The Object Include Pattern is semantically superior to the Hyperlink Include; it is being used to embed content into the page. The object element based include was the original developed include pattern. However, there are serious browser compatibility issues that can affect some implementation scenarios and thus the above Hyperlink Include Pattern was developed and is now preferred.

Object example

Here is the same hCard from the beginning of the resume in the previous example.

<span class="vcard">
 <span class="fn n" id="james-hcard-name">
  <span class="given-name">James</span> <span class="family-name">Levine</span>
 </span>
</span>

Elsewhere on the page, a second hCard re-uses the "fn n" content from the first hCard:

<span class="vcard">
 <object data="#james-hcard-name" class="include"></object>
 <span class="org">SimplyHired</span>
 <span class="title">Microformat Brainstormer</span>
</span>

A microformat parser must treat the second hCard as follows, with the object include element completely replaced by the sub-tree that it referenced:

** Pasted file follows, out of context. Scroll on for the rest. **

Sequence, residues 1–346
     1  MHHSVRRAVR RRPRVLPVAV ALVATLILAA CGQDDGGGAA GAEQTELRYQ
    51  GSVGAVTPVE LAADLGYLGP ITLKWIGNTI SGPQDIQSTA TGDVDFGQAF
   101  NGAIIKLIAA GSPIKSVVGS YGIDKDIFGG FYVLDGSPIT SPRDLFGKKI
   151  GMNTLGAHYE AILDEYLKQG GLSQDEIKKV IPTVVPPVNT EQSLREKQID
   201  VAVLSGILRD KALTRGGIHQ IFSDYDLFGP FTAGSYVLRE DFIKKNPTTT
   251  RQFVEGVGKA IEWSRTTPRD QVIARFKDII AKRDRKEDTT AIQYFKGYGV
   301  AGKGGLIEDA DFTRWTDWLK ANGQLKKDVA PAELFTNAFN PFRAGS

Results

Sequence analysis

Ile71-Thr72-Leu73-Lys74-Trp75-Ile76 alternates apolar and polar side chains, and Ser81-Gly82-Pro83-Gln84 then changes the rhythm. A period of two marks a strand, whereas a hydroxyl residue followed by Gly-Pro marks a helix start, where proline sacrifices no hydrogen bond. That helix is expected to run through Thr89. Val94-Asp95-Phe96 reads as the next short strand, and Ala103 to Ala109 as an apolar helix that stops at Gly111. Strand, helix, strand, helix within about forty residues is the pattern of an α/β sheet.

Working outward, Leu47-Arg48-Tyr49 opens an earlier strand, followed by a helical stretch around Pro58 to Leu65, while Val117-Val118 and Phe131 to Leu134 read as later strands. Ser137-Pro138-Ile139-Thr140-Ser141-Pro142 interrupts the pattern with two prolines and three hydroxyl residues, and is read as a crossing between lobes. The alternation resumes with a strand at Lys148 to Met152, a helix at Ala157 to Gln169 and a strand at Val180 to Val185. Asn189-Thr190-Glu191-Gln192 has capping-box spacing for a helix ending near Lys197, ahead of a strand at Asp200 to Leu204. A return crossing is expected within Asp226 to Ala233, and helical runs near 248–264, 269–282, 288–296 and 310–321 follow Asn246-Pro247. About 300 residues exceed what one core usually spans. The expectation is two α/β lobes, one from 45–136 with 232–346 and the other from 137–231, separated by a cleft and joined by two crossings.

<span class="vcard">
 <span class="fn n" id="james-hcard-name">
  <span class="given-name">James</span> <span class="family-name">Levine</span>
 </span>
 <span class="org">SimplyHired</span>
 <span class="title">Microformat Brainstormer</span>
</span>

This method of hCard property indirection via an object element can apply to any/all properties in class-based microformats.

notes and issues

acknowledgements

Thanks to discussions and brainstorms with a bunch of folks: Ryan King, James Levine, the whole crowd at the Microformats specifications working session at MashupCamp, Brian Suda, Scott Reynen, Drew McLellan.

specifications using

considering

All class-based microformats SHOULD consider using and explicitly normatively stating support for the include pattern.

implementations

references

normative

informative

related pages

include-pattern was last modified: Wednesday, December 31st, 1969